Amos Langdown (1930 – 2006) was born in Plettenberg Bay. His interest in art dates back to his childhood. He completed a BA degree at the University of Port Elizabeth. After a long teaching career, Amos had until his death, been working as an art advisor and school inspector in the Southern and Eastern Cape.
He worked in various media, but shows a preference for oil. His paintings show a deep understanding of and sympathy for the people and events in the world surrounding him. His inspiration came from the see, wind and beach. He was famous for his sympathetic and humorous display of people in his art as well as soft and subtle use of colour. Through using red brown colour when painting people, giving them a feeling of floating on the canvas.
Although influenced by the great French cartoonist, lithographer and draughtsman Honoré Daumier, Langdown’s own social commentary on the life of the communities on the Cape Flats was invariably infused with a sympathetic insight and sentiment. This is clearly seen in his somewhat formulaic oil paintings of grouped figures. To some extent this mood also reflects the influence of the work of Carl Büchner and Russell Harvey who were also teaching at the Michaelis School of Fine Art at the the time. The sentiment observable in his later work has tended, especially since his recent death, to it being exploited for sale by commercial galleries in the form of commercial colour lithographic prints. Langdown also known as an enthusiastic poet lent his skills to illustrating the published writings of such literary personalities as Alba Bouwer, Pieter Grobbelaar and the poet P.J. Philander who recently died in the USA.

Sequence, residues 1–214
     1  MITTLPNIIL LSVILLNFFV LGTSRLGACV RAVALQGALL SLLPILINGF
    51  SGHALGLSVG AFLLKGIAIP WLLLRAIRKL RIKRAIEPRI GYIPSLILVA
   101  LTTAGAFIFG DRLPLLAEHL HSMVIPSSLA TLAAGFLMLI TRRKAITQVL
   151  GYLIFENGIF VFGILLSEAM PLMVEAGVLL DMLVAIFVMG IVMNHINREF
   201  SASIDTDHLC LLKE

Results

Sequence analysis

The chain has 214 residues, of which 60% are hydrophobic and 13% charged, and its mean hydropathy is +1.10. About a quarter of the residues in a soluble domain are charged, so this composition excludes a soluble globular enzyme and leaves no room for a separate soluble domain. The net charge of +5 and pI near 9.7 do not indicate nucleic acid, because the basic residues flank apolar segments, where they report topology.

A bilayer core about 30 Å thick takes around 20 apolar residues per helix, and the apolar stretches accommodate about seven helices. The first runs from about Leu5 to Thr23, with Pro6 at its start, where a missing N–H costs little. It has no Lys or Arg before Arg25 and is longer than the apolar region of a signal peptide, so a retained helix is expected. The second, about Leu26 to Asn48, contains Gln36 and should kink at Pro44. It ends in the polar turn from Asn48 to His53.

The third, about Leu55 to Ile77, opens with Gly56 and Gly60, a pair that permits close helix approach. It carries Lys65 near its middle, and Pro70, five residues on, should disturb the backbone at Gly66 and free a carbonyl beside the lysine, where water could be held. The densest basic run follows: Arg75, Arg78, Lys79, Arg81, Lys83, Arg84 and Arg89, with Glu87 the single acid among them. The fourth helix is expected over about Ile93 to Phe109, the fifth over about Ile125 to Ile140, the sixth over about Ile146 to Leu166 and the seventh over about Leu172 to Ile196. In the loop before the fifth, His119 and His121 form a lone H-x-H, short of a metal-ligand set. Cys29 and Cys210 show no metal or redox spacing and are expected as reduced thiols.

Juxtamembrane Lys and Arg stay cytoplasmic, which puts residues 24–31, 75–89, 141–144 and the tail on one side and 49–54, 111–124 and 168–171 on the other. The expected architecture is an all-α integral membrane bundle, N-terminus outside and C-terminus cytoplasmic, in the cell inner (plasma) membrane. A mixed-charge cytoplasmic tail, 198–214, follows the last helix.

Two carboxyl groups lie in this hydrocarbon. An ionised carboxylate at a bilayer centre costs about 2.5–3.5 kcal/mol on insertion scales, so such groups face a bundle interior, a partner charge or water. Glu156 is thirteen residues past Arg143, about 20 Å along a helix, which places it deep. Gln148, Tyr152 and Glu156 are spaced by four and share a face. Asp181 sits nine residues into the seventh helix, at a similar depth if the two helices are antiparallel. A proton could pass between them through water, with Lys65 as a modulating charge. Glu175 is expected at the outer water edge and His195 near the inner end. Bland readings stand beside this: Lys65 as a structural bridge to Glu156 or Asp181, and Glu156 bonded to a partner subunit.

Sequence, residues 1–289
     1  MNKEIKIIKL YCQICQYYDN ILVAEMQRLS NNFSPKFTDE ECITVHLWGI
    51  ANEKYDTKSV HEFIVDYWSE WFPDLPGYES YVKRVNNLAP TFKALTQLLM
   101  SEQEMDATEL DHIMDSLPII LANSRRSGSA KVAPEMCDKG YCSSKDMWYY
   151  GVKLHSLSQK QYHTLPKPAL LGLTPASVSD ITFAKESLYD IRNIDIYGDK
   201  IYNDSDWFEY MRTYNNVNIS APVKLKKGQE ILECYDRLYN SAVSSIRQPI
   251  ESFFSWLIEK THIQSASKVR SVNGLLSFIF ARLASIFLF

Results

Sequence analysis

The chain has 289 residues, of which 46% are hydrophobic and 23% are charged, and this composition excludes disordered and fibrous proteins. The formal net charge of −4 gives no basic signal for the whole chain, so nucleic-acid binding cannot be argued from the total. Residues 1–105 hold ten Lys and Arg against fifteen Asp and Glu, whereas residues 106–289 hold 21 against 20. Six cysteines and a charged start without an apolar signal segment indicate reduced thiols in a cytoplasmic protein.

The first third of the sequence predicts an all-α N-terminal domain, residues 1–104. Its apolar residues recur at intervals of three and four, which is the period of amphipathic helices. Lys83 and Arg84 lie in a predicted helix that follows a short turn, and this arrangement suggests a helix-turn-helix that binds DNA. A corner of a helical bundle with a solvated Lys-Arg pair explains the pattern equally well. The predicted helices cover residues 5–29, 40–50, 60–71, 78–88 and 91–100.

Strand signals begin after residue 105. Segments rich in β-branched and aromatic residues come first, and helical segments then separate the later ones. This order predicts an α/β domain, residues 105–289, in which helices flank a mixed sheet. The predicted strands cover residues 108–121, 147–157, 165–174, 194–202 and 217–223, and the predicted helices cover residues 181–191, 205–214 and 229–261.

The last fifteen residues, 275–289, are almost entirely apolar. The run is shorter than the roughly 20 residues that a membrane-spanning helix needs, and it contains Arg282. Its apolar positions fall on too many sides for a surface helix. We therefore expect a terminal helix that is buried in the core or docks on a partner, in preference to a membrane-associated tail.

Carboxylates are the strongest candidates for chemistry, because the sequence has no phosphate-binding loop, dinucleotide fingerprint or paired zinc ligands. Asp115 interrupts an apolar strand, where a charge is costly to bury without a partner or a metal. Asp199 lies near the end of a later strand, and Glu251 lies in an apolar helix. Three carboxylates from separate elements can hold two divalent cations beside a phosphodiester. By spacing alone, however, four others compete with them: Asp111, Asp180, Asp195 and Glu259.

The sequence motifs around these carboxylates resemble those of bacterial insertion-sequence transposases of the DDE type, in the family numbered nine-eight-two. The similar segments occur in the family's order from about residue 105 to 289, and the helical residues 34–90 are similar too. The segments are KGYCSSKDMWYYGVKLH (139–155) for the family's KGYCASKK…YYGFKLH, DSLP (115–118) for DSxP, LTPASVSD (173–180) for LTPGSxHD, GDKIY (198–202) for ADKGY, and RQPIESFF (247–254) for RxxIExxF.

The artist has participated in various international exhibitions, for example the Venice Biennale in Italy and the Sub-Saharan African Exhibition that toured the USA for a year. All the works in the latter exhibition were sold and can be seen at the Smithsonian Institute in Washington.
His work also forms part of several overseas and local collections, and his many solo exhibitions included one held at the University of Port Elizabeth in 1988.
“As I dip my brush into paint, I dip it into my soul and he who cannot appreciate this, does not have a soul.”
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